The Chinese currency, the yuan, is a strange animal. Linked to the U.S. dollar, it hardly moves—but when it does, financial markets get jittery, especially when it’s going down.
The yuan lost 1.1 percent against the dollar in October, which doesn’t seem like a lot. It’s what’s behind the one percent loss that has markets on edge.
According to investment bank Goldman Sachs, as much as $500 billion in capital has left China this year through September. Chinese companies and citizens, as well as foreigners, convert their yuan holdings into dollars and other foreign currencies, pushing the price of the yuan down. Outflows picked up especially in September, reaching $78 billion.
If there is no additional demand for the yuan from trade, for example, the price of the currency has to move down to adjust for the imbalance in the demand for foreign currency. Fundamentally, this is a vote of no confidence in the Chinese economy. If the risks and returns of Chinese assets were favorable—as they were for most of the past decade—capital would be flowing into China and not out.
However, the Chinese leadership wants to limit the visibility of this vote of no confidence and give the impression of financial stability, so it is applying two levers to obscure the move.
First, it is selling off its once mighty stash of official foreign currency reserves, down from $3.33 trillion in January to $3.17 trillion at the end of September. In August 2014, it was close to $4 trillion.
It is simply a transfer of public Chinese foreign exchange assets to private hands, through global financial markets. If the amounts of foreign currency bought by the private sector and sold by the official sector match, the impact on the price of the currency is limited.
For example, Chinese official holdings of U.S. Treasury bonds were down from $1.25 trillion at the beginning of the year to $1.19 trillion at the end of August. However, Chinese corporations have either completed or announced $218.8 billion in mergers and acquisitions of foreign companies this year, according to Bloomberg data.
The rest of the record corporate buying spree was financed by Chinese state banks and other foreign exchange reserves held at the People’s Bank of China (PBOC).
Chinese companies have previously invested in steel mills and coal mines like there is no tomorrow. However, because mining and manufacturing have massive overcapacity and debt issues, Chinese companies are looking overseas for better investments.
But it’s not only Chinese corporations that are suddenly discovering the value of foreign assets. Chinese citizens have also been active buyers of foreign real estate and stocks. Purchases of equities traded on the Hong Kong stock exchange by mainland citizens, for example, hit a record high of $12 billion in buy orders in September, up 64 percent from August.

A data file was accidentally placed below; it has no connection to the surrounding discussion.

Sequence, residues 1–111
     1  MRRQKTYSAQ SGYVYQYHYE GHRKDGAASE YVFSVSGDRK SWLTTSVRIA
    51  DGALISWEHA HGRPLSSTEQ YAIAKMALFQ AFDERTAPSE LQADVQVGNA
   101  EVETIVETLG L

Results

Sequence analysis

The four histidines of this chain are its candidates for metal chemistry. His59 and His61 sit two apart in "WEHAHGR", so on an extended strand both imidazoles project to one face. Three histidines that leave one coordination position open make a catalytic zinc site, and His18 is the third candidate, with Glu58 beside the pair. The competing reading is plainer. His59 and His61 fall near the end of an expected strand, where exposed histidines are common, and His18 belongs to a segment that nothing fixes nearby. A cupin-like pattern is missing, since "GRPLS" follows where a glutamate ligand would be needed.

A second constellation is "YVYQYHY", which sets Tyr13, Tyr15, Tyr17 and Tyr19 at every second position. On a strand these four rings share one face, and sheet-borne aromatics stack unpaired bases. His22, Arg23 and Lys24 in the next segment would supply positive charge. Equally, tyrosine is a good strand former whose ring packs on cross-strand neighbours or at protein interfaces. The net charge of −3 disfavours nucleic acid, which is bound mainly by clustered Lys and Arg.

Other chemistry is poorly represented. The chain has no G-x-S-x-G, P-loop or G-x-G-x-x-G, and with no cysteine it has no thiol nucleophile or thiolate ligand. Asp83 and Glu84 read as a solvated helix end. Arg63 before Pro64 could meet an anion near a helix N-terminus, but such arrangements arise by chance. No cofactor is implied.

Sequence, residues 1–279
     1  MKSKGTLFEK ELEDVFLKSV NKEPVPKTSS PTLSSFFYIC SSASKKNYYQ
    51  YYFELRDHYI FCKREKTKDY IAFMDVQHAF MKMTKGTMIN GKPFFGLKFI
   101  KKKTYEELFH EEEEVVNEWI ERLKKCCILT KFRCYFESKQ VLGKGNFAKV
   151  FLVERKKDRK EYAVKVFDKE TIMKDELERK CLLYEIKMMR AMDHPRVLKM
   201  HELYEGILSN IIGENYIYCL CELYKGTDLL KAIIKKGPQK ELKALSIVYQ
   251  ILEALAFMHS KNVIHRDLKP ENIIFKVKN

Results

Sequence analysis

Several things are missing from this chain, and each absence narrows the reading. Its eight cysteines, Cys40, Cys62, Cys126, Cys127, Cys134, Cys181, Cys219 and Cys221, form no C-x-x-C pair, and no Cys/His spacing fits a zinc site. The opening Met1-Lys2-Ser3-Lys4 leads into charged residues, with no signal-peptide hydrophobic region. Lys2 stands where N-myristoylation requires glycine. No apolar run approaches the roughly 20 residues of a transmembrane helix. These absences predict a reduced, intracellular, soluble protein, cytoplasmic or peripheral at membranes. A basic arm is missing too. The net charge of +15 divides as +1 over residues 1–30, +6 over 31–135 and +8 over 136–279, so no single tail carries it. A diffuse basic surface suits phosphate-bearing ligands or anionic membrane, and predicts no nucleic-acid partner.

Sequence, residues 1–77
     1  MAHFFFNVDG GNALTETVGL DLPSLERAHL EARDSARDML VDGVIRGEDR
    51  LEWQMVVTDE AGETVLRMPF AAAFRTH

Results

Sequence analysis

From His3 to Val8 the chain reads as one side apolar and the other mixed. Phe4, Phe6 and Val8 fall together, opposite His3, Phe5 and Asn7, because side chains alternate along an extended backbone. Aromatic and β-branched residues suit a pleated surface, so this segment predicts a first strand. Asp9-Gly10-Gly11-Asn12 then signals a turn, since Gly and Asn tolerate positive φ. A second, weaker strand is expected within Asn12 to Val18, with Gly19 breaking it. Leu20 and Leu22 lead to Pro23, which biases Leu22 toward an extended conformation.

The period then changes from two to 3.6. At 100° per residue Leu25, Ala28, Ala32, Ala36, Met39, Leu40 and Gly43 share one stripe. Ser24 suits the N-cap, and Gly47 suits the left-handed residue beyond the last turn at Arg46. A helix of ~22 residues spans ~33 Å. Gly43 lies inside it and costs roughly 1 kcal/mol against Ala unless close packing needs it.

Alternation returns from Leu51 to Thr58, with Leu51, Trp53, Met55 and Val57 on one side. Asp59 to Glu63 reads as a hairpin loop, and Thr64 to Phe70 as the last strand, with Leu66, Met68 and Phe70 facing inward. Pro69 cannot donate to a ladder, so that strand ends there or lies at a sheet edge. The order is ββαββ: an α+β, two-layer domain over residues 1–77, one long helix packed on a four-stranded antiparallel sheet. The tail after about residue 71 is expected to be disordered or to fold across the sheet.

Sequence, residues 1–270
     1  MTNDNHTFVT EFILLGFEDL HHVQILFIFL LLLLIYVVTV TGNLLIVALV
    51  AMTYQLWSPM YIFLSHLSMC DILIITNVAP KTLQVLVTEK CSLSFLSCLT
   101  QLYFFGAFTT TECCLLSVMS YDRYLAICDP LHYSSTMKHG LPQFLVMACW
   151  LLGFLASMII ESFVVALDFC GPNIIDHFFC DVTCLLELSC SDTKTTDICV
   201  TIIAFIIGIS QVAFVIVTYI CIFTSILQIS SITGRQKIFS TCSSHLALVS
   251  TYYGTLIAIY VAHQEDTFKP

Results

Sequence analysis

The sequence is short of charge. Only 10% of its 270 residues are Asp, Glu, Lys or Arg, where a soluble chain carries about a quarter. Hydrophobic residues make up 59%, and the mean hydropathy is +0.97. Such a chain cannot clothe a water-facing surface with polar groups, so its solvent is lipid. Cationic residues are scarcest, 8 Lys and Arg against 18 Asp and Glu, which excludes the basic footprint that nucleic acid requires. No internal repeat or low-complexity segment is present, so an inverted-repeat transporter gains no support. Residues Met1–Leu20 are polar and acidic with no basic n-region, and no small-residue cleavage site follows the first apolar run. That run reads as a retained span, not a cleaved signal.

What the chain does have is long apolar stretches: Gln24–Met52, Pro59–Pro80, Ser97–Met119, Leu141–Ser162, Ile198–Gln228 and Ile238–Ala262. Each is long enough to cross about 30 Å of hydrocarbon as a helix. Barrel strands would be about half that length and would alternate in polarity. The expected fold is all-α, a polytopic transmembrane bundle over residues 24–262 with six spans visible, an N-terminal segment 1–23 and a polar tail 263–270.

So the Chinese regime is pulling the second lever to limit outflows: capital controls. Transfers of capital for citizens are already capped at $50,000 per year, so people have found handy ways around this limit. One is buying millions worth of life insurance products—a form of capital investment—in Hong Kong using their UnionPay debit cards. But not anymore.
As of Oct. 29, they can only use their UnionPay cards to buy insurance products related to travel, according to UnionPay Co. Mainland visitors bought $3.9 billion worth of insurance products in Hong Kong in the first half of the year—an increase of 116 percent over the same period in 2015—according to the city’s insurance industry regulator.
The regime also continues to crack down on underground banks that facilitate capital outflows. According to reports by mainland paper Financial News, the State Administration of Foreign Exchange (SAFE) seized $8.4 billion in foreign exchange funds during an investigation in late October.
So unlike the mostly state-owned companies, which are snapping up foreign assets with the blessing of the regime, Chinese citizens have to find other ways to reduce their exposure to the Chinese economy. They are fed up with the low interest rates on bank deposits and are increasingly afraid of the risks of unregulated wealth management products.
One channel that still seems to work is the flow of yuan from the mainland to offshore centers like Hong Kong and Singapore. Goldman estimates $45 billion out of the $78 billion in September outflows was transferred from the mainland banking market to the offshore yuan market, where it was likely converted into foreign currency.
The offshore yuan (CNH) has lost 4.8 percent against the Hong Kong dollar since May, whereas its domestic counterpart (CNY) only lost 4 percent, indicating more selling pressure on the offshore yuan.
Another vehicle, mostly used when all else fails, is the electronic currency Bitcoin. After moving sideways for most of the summer, the price has skyrocketed since late September, coinciding with the latest measures to restrict capital outflows and the drop in the yuan. Alas, it is a bit more volatile than its official counterpart. It’s up 23 percent to $705 since Sept. 25, without regime meddling and for everyone to see.